Professor Fawwaz T. Ulaby Named Founding Provost of KAUST
Professor Fawwaz T. Ulaby, R. Jamison and Betty Williams Professor of Electrical Engineering and Computer Science, has been selected as the Founding Provost and Executive Vice President of King Abdullah University of Science and Technology (KAUST). KAUST is a new world-class, graduate-level scientific research university now under development in Saudi Arabia, and scheduled to open its doors in September, 2009.
“It is a great opportunity to shape the future,” says Ulaby, who plans to maintain an appointment at Michigan. “It will provide a means for the easy flow of research, faculty, and students between the two institutions.” Ulaby is expected to assume his duties on September 1, 2008.
Announcing his selection, President-designate Choon Fong Shih noted that Professor Ulaby’s unique combination of qualities and academic and scientific experience made him a prominent front runner for the position.
“KAUST is a new university with a globally competitive agenda in academics and research,” said Professor Shih. “Professor Ulaby is a distinguished scholar and researcher who brings both experience and vision to help KAUST fulfill its unique mission. I am delighted that he agreed to join my leadership team.”
“Professor Ulaby’s experience as vice president for research in one of the premier U.S. public research universities makes him an excellent appointment to the role of Provost,” said Dr. Charles Vest, president of the National Academy of Engineering and president emeritus of the Massachusetts Institute of Technology. “His international outlook and breadth of cultural understanding will bring great value to KAUST.”
In his role as provost, Professor Ulaby will be the chief academic officer and senior administrator for KAUST, reporting to President-designate Shih and KAUST’s independent Board of Trustees. He will be responsible for overseeing all educational affairs and research activities, including the recruitment of faculty and academic administrators. He will also oversee the chairs of KAUST’s four academic divisions: Engineering and Applied Science; Physical, Material, and Earth Sciences; Applied Mathematics and Computational Science; and Biosciences and Bioengineering. KAUST leaders selected the University’s initial academic divisions and associated research thrusts for their importance to the existing industries in Saudi Arabia, the development of future, knowledge-based industries, and the potential regional and international impact.
Since joining the University of Michigan faculty in 1984, Professor Ulaby has directed numerous interdisciplinary, NASA-funded projects aimed at the development of high-resolution satellite radar sensors for mapping Earth’s terrestrial environment. He also served as the founding director of the NASA-funded Center for Space Terahertz Technology, whose research was aimed at the development of microelectronic devices and circuits that operate at wavelengths between the infrared and the microwave regions of the electromagnetic spectrum. Prior to his current position, Professor Ulaby served a seven-year term as the University of Michigan’s vice president for research from 1999-2005, with responsibility for an $800 million research enterprise. Over his academic career, he has supervised more than 100 talented graduate students.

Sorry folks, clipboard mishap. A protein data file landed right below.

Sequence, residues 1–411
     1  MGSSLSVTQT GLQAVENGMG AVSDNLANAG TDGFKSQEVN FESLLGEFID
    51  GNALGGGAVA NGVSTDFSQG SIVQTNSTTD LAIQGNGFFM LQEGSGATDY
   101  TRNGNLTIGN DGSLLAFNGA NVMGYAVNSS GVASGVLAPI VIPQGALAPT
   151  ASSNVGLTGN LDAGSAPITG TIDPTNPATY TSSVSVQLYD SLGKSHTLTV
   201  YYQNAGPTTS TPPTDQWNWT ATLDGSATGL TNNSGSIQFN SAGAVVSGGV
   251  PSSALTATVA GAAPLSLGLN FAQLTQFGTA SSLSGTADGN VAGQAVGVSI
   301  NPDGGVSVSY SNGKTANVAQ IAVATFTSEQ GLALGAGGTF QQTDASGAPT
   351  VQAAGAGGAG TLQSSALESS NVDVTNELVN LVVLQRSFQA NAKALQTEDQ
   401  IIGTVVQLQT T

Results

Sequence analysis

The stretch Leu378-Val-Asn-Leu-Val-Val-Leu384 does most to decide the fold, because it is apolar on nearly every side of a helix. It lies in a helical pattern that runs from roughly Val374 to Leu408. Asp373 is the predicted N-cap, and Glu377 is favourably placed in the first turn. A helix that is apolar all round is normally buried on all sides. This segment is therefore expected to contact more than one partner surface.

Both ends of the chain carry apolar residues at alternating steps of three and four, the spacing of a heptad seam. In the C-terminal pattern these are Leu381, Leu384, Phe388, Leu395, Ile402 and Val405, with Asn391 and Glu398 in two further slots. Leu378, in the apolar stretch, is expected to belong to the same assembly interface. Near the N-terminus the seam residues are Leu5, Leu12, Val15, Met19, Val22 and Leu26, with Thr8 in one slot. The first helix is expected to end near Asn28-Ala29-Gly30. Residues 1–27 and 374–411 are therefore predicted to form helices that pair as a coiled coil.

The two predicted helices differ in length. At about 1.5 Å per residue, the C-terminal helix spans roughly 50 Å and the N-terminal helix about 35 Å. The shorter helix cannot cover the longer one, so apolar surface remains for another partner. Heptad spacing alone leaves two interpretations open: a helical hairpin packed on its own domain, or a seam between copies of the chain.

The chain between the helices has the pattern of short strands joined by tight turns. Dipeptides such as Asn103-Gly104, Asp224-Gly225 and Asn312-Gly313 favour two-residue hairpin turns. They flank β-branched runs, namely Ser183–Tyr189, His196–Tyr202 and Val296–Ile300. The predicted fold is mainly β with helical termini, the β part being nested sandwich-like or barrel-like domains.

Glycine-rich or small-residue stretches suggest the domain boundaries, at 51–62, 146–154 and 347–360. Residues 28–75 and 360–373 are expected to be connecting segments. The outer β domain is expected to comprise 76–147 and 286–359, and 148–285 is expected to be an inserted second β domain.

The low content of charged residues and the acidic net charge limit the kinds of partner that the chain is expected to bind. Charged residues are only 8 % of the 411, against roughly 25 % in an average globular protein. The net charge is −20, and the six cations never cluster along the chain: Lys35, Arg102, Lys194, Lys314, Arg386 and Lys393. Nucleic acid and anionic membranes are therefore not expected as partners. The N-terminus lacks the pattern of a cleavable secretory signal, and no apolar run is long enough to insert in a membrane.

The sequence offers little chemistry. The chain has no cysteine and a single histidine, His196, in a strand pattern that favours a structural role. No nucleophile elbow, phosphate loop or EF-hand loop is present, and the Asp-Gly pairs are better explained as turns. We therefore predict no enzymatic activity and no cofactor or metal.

Professor Ulaby is a member of the U.S. National Academy of Engineering, Fellow of the American Association for the Advancement of Science (AAAS), and Fellow of the Institute of Electrical and Electronic Engineers (IEEE), and he serves on several international scientific boards and commissions.
In recognition for his outstanding teaching and distinguished scholarship, he has been the recipient of numerous honors and awards from universities, government agencies, and scientific organizations. Among them are the Geoscience and Remote Sensing Distinguished Achievement Award (1983), the Kuwait Prize for Applied Science (1987), the NASA Achievement Award (1990), the University of Michigan Regents Medal for Meritorious Service (1996), the IEEE Millennium Medal (2000), the 2002 William Pecora Award, a joint recognition by NASA and the Department of the Interior, and the Distinguished FEA Alumni Award from the American University of Beirut (2006). In 2006, he was selected by the students in the Department of Electrical Engineering and Computer Science as “Professor of the Year,” and shortly thereafter, he was awarded the Thomas Edison Medal, the oldest and most coveted medal in the field of electrical and computer engineering in the United States.